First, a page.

These references to images of exploitation and domination are further augmented by descriptions of ITQ leasing associated with 'fishing for others' as a 'tenancy' system, where the lessor 'quota-kings' are likened to medieval landlords and, conversely, small-scale lessees become 'tenants' or 'serfs' (leiguliðar). One skipper described the 'tenant' situation in the following way during an interview:

they fish vigorously while fishing their own quotas, after that they end up in the tenancy-system.... a system which gives them no earnings; all the profit goes to those who own the quota, the quota-kings.

  In the 'tenancy' system it is the 'quota-kings' who make the rules; not only do they own most of the ITQs, they also control many of the plants that buy the catch. Thus, quoting the same skipper again: 'one must give in to almost every demand, because the quota-king makes all the rules, sets the price and everything'. The 'quota-kings' themselves view the matter from a totally different perspective, maintaining that most of the so-called 'lords of the sea' are really on the verge of bankruptcy and citing envy as the source of the feudal metaphors.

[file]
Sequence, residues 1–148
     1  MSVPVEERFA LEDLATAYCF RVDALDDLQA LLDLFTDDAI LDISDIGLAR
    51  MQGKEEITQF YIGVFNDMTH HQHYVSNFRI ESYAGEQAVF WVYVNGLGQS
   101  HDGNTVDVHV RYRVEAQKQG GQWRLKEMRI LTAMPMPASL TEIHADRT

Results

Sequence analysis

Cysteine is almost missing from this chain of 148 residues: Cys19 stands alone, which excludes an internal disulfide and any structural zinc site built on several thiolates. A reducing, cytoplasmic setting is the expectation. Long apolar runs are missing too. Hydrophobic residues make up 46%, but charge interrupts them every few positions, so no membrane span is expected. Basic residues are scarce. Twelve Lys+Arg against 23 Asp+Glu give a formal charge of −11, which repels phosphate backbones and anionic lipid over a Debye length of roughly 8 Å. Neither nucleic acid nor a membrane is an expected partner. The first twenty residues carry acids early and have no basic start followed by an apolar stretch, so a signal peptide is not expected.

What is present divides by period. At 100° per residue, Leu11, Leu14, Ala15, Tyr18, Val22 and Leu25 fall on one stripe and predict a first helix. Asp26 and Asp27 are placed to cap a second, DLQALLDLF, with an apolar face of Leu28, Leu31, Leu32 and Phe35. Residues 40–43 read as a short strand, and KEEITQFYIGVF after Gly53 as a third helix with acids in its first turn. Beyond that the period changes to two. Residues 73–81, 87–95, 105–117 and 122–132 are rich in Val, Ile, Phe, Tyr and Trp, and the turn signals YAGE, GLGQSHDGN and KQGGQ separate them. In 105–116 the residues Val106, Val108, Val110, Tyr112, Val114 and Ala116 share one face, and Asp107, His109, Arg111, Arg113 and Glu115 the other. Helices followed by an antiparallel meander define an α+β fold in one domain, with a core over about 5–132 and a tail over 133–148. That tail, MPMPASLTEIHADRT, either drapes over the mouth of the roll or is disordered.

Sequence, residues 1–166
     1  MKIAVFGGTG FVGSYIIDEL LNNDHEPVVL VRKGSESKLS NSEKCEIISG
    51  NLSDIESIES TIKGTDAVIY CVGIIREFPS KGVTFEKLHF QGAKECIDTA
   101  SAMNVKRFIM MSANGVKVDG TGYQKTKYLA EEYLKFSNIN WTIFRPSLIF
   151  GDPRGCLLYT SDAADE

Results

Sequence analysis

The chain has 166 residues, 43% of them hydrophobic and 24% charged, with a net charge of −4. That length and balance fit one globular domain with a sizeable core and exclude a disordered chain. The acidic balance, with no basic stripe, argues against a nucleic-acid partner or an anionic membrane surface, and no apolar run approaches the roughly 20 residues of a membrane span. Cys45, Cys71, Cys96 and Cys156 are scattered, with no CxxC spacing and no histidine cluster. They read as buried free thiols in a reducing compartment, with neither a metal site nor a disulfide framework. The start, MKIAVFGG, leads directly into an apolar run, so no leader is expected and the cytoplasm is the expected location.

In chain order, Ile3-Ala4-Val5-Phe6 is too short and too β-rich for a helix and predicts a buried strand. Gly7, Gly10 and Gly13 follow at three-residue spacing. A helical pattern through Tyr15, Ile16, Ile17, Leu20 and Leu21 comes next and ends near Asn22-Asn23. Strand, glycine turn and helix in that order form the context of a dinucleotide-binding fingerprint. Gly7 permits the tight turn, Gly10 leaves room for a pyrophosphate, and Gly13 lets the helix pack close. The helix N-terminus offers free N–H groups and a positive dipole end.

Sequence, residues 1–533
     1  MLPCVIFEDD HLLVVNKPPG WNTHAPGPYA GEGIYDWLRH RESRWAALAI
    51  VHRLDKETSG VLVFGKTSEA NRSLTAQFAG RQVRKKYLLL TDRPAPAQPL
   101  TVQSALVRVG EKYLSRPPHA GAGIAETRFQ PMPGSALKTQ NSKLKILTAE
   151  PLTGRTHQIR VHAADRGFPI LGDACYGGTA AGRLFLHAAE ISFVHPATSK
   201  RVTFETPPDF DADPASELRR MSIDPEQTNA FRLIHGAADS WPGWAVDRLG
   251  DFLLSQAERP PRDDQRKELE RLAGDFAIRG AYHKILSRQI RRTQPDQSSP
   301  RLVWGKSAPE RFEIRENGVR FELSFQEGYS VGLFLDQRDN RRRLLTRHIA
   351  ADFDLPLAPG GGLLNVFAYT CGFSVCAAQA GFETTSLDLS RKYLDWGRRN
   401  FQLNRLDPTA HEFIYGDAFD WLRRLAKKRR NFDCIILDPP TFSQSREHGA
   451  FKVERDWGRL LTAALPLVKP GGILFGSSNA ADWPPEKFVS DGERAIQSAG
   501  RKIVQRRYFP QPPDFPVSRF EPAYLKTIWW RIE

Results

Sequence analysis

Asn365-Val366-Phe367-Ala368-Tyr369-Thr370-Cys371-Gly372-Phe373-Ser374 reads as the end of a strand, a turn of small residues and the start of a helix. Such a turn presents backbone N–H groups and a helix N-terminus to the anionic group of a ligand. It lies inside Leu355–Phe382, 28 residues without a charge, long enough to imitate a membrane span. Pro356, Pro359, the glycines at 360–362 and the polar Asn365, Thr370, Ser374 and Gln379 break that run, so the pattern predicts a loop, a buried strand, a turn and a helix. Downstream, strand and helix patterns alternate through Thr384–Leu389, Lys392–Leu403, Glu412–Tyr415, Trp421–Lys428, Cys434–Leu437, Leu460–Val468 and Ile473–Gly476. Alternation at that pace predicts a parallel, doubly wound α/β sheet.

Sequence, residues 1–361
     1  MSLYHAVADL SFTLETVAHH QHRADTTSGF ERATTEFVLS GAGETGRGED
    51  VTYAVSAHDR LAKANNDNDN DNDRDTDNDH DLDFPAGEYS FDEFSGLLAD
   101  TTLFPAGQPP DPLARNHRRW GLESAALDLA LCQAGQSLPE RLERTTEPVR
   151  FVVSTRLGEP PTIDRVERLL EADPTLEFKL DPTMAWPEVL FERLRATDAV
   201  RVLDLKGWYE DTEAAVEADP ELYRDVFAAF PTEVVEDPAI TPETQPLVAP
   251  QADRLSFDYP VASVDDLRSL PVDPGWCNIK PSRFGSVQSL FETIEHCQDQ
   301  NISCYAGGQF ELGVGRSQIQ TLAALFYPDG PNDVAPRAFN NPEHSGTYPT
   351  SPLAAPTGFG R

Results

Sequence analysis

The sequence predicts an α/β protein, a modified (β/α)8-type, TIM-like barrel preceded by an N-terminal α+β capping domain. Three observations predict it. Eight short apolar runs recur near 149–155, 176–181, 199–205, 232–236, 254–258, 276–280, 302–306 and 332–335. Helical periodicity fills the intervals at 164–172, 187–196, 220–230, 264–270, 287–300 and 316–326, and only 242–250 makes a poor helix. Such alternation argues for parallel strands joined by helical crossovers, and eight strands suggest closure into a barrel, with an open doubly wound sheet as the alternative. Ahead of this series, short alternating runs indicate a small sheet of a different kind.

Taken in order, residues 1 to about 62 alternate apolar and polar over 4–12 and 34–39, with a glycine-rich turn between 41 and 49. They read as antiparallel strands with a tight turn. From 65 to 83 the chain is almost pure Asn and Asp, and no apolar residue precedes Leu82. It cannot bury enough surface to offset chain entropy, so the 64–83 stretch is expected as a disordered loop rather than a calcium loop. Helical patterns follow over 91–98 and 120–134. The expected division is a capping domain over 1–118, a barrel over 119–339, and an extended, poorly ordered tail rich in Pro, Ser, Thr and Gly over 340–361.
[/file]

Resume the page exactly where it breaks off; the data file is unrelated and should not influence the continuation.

In January 1994 fishermen went on a national strike, protesting against the ITQ system, especially the effects of the so-called 'tenancy-system'. The leading slogan they employed was 'No More Profiteering!' (Braskið burt!). To many of them this was a battle aimed at getting rid of the ITQ system. As it turned out, the strike resulted in a two-week stand-still in the fishing industry. Ultimately, the strike was terminated by temporary laws which forced fishermen back to work. Not content with this turn of events, fishermen went on strike again in May 1995. This time an agreement was reached with boat owners involving concessions on both sides.
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Quota systems and resource management: Icelandic fishing,
by Gísli Pálsson and Agnar Helgason.